This just seems like a false dichotomy to me. If somebody is a trans woman, does that mean they have to be compliant, nurturing and pretty? Or does it just mean that there’s some core of womanness that is in some way different from a similar core in men, and to which those people feel somehow drawn? I don’t know, I’m not trans (unless you count non-binary to be trans, in which case I’m not going to argue about it because if you think it fits, fine, but I still don’t know if that’s an anything-like-accurate idea of it for binary trans people) but it seems ridiculous to claim that “trans ideology” asserts that the greater part of the concept of gender is natural and universal when all that’s really being said is that there’s something there for me.

  33. xyz says

    Athywren… yes I don’t see how that’s not a false dichotomy.

    Another question I have is why the language of innate gender has to be universalized – either universally applied or universally rejected. Maybe it’s useful and meaningful to some people and not so much to others? Maybe we don’t all have to agree, since our experiences of gender can be so varied?

  34. Emily Vicendese says

    Ergh, what a doofus I am, my comment should have said “transgenderism” not “transexuality”. Apologies. It was a stupid mistake, but I don’t think it should detract from my overall point.

  35. jenniferphillips says

    This all started as trans people screaming that Ophelia is a TERF and a horrible person.

    Mr FancyPants, I’m a fan of your comments in general, and I think you know I’m as outraged as you are at how Ophelia has been treated, but I think it’s important to be careful about this kind of phrasing. This bullshit narrative about OB being a TERF has come from multiple sources, not all (perhaps not even the majority, even) of whom are trans people. From these very arguments we’ve seen how overstatement and misinterpretation can take on a life of its own and do real damage. Similar missteps on our side would be best avoided.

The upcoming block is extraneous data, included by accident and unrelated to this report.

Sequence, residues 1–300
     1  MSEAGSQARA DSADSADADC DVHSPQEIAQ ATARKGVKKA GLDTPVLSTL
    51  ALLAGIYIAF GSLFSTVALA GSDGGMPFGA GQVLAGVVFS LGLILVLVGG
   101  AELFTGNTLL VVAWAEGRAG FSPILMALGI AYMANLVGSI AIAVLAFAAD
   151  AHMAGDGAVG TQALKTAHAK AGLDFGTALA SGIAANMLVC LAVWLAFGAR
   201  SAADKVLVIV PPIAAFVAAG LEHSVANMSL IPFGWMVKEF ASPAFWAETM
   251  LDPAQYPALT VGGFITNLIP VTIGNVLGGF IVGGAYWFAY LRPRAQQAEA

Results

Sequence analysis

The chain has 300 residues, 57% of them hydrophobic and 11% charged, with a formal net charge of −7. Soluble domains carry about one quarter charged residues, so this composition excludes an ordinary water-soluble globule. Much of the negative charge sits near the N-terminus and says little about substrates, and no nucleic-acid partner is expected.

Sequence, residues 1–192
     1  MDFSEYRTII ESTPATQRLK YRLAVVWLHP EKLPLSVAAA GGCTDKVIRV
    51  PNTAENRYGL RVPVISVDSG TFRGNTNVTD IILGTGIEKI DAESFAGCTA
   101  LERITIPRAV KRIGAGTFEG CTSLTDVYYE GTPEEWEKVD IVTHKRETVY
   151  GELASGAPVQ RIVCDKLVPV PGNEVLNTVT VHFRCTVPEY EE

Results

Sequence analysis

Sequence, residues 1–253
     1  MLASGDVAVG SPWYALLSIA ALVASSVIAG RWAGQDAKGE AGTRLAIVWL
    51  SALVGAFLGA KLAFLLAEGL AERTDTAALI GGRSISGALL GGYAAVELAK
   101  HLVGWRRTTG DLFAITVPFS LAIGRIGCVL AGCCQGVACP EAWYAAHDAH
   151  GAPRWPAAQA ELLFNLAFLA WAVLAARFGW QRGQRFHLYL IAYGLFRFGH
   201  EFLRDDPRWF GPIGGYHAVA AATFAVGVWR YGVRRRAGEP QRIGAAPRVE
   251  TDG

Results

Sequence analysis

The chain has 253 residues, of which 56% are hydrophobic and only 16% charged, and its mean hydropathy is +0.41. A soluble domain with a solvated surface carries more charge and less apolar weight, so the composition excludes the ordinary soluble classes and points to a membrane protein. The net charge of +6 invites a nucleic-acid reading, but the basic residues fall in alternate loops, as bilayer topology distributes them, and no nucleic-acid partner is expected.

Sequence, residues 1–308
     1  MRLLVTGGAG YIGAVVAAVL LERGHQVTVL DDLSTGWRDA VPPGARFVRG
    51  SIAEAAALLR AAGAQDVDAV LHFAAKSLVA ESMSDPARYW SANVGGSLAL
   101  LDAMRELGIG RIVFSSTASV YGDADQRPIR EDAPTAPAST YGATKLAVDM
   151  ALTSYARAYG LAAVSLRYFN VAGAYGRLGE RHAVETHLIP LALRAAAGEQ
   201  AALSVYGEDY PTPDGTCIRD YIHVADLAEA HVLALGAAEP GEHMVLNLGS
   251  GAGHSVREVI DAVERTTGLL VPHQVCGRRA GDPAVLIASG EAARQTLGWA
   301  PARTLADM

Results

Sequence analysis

36. theobromine says

    @xyz (#36): I have zero interest in my womanhood becoming irrelevant to the way I am treated.

    Speaking only for myself: I have *immense* interest in my womanhood becoming irrelevant to the way I am treated, except by those with whom I am in romantic/sexual relationships.

    I have for some time sought to understand how other people feel about this. I’ve listened to women lament their hysterectomy as a loss of an organ that they found inherent to their personal identity as a woman – even late in life after bearing all the kids they wanted (I said good riddance to mine ~23 years ago, and haven’t missed it since). I’ve often felt uncomfortable at closed events limited to women (or more recently to “everyone who identifies as a woman”). For myself, I consider being female to be simply how my body is – like being short, with light skin and dark hair – but not part of my inherent personal identity. Is this due to “cis-privilege”? Perhaps.

    But my own experience aside, I have to emphatically say that I do categorically, publicly, and absolutely support anyone who considers that *their* body is important to their personal identity and wishes to address a mismatch between their body and their identity. I also completely support the idea that transwomen *are* women and transmen *are* men and have the basic human right to be treated as such by all people and institutions.

  37. says

    M. A. Melby @ 17 –

    When someone says “I am a woman” that doesn’t somehow mean that they are happy with various social constructs of gender – it just means that they identify as a woman. If they are cis, it likely means that they do not feel a discomfort with their body’s sex-typical attributes. They likely do not feel distress or anxiety if they are socially perceived as a woman.

    Is that so.

    That’s exactly what I’m disputing, because it doesn’t describe me. I’m not disputing that gender dysphoria is much much worse than what I’m describing as my experience, but I am saying that it’s just not as simple as “no gender dysphoria=total contentment with one’s assigned gender.”

    I think “If they are cis, it likely means that they do not feel a discomfort with their body’s sex-typical attributes” is a quite ludicrous thing to say. Do cis women “likely” love menstruating for example? And “They likely do not feel distress or anxiety if they are socially perceived as a woman” – bam, there goes all of feminism. What have we been talking about all this time?! Gosh, I just can’t imagine.

    A lot of people are in a fine old rage at me for posting this, but I’ll be damned if I can understand why. I’m not saying I get to decide how trans people describe their experience. I’m just saying that not being trans does not equate to being totally at home in one’s assigned gender.

    Why can’t that thought be a bridge rather than a wall or a gulf? Why can’t it be something people have in common? It’s only a lucky few people, if any, who get to be 100% content with their bodies and gender assignment and social place and all the rest of it.

  38. xyz says

    For myself, I consider being female to be simply how my body is – like being short, with light skin and dark hair – but not part of my inherent personal identity. Is this due to “cis-privilege”? Perhaps.